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Declaring Democracy Won’t be Subverted, Biden Demands Russia and Myanmar Reverse Course

WASHINGTON — Two weeks after taking office, President Biden has demanded that Myanmar reverse a coup d’état and that Russia release its most …

WASHINGTON — Two weeks after taking office, President Biden has demanded that Myanmar reverse a coup d’état and that Russia release its most famous dissident politician, Aleksei A. Navalny, whose arrest and sentencing incited protests of a size and intensity that surprised officials here, and most likely inside the Kremlin.

In both cases, Mr. Biden has declared that the United States will not tolerate the subversion of democracy — or, in the case of Myanmar, an effort to overturn a democratic election. It does not take a close reading of his comments to see a subtext, that the United States is still struggling with the aftermath of a perilously similar attempt.

And, in both cases, Mr. Biden has hinted that sanctions, a favorite, if now wildly overused, tool of American power, will soon follow.

To many critics of the Trump administration, it is a refreshing sign of the return of human rights to the top of the United States’ foreign policy agenda, a theme Mr. Biden is expected to drive home on Thursday in his first foreign policy speech as president. Tellingly, he is planning to deliver it from the building that President Donald J. Trump often referred to as the “Deep State Department.”

But campaigning on a theme of restoring morality to American action in the world is easier than making wayward authoritarian politicians and generals change their behavior.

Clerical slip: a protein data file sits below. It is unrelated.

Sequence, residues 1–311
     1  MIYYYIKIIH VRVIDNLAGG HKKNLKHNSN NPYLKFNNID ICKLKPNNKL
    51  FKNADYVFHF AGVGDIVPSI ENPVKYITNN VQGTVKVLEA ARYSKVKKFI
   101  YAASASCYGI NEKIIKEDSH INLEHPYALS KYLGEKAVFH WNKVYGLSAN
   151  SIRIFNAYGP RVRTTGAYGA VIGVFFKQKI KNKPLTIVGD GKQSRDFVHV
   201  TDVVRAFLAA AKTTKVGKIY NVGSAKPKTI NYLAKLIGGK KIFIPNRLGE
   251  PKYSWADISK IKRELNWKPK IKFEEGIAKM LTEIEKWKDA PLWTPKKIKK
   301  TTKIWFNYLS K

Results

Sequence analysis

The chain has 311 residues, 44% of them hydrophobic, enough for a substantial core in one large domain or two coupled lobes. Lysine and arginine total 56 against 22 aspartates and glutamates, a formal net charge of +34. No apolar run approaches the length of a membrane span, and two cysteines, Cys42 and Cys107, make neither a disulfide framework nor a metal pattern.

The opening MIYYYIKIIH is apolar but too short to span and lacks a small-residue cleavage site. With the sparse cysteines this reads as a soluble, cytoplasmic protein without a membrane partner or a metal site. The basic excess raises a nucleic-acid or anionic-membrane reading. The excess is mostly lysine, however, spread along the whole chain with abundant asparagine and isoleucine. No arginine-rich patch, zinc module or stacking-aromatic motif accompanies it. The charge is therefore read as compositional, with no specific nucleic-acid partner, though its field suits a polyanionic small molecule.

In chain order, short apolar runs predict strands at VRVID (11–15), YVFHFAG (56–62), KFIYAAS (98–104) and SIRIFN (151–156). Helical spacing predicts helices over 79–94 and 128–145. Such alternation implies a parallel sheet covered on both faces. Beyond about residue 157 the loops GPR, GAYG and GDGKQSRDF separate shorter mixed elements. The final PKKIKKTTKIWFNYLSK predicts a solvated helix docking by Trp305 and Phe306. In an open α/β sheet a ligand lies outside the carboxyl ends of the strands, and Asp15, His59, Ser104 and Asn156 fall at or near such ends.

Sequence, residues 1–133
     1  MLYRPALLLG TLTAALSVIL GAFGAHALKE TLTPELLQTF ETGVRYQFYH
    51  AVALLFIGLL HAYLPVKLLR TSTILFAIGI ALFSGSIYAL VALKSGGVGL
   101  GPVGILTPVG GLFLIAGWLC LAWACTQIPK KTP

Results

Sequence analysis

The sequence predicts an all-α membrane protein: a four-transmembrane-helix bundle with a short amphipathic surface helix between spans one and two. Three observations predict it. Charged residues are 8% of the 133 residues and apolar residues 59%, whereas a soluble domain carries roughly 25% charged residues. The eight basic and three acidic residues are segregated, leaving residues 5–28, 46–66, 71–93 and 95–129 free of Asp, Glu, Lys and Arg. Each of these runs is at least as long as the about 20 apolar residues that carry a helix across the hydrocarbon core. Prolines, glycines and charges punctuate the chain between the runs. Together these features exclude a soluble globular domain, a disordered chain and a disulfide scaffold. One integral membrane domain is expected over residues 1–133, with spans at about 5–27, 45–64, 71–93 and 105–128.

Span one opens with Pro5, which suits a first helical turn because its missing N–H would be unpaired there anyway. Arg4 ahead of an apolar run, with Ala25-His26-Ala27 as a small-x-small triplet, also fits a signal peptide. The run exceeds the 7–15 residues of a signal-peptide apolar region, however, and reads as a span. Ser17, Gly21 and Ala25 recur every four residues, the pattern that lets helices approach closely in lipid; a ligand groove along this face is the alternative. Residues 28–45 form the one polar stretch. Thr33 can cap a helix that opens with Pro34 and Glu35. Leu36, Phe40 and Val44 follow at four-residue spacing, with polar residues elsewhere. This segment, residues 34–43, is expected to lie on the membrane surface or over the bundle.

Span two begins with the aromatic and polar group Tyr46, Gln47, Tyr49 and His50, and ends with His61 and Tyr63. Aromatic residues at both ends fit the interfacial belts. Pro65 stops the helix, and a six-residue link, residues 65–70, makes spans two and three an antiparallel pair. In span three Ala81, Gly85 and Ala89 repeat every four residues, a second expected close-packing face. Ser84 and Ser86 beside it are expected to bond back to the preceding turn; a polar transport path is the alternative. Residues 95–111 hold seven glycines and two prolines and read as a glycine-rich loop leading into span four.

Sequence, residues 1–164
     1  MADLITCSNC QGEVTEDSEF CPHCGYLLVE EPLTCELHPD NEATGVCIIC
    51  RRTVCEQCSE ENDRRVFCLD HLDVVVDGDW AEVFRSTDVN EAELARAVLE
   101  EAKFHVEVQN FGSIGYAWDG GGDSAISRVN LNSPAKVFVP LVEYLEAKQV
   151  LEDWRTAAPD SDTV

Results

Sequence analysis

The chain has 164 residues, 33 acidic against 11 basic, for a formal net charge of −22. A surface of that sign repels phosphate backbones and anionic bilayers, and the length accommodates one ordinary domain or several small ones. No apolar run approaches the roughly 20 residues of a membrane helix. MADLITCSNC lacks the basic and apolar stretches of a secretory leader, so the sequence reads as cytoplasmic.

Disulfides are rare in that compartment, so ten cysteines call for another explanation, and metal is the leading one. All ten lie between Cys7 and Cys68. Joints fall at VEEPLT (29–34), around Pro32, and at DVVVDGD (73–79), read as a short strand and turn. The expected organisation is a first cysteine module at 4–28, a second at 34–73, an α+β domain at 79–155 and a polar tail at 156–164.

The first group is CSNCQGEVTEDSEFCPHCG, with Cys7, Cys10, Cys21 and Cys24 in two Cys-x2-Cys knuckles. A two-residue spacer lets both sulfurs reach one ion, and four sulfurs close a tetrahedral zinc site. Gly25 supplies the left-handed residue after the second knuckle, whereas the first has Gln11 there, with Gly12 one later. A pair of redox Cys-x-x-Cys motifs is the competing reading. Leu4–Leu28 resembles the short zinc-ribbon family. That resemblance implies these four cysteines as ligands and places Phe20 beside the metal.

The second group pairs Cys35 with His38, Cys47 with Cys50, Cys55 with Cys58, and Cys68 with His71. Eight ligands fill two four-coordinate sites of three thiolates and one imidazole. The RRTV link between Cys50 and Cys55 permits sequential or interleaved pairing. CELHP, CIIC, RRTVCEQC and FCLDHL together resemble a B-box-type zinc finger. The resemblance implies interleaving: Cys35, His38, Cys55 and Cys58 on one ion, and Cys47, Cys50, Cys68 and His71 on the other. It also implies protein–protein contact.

In the very different cases of Myanmar and Russia, Mr. Biden is about to discover how years of sanctions fatigue — exacerbated in the Trump administration — and a decline in American influence will make delivering on the promise much harder than when he served as vice president. But, especially in the case of Russia, he may also see some new opportunities.

“We have fallen into this trap that sanctions are the easy answer to every problem,” Ivo H. Daalder, the president of the Chicago Council on Global Affairs and former ambassador to the North Atlantic Treaty Organization under President Barack Obama, noted on Wednesday. “They demonstrate that you care, and they impose some price, though usually not sufficient to change behavior.’’

But he noted that “you have to beware that presidents often reach for them because doing everything else seems too costly.”

The ugly truth is that if poorly executed, sanctions can also backfire.

Punishing Myanmar’s military runs the risk of driving the generals further into the arms of China, a caution noted this week by allies including Japan. Beijing is already financing and building many of Myanmar’s biggest infrastructure projects, including an effort led by the Chinese telecommunications giant Huawei to wire one of the world’s most isolated nations with a 5G cellphone network. China’s leaders would undoubtedly welcome new American sanctions as evidence that Washington is an unreliable partner.

And State Department officials acknowledged on Tuesday that four of the top generals who organized the coup were already under sanction. Needless to say, those sanctions did not deter them from overturning a decade-long, inching move toward democracy. (It also does not help that Daw Aung San Suu Kyi, the deposed civilian leader, has had her Nobel Peace Prize-winning reputation irreparably tainted by her defense of a military that has committed atrocities against Rohingya Muslims.)

Threatening President Vladimir V. Putin of Russia will be even harder.

Mr. Biden was part of the Obama administration debate in 2014 about whether the United States should impose its harshest sanctions yet on Russia for its invasion of eastern Ukraine, and whether it should sponsor a combination of a physical and virtual war there. More than six years later, that sanctions regimen has failed in its one goal: to force Mr. Putin to reverse course, remove his forces and cease harassing a sovereign former Soviet state.

So when the United States condemned the sentencing of Mr. Navalny, the activist whose poisoning and arrest led to people across Russia to protest — more than 10,000 of whom the authorities rounded up — there was recognition among Mr. Biden’s top aides that, in the words of one of them, that when it comes to the Kremlin, “We’re pretty sanctioned out.”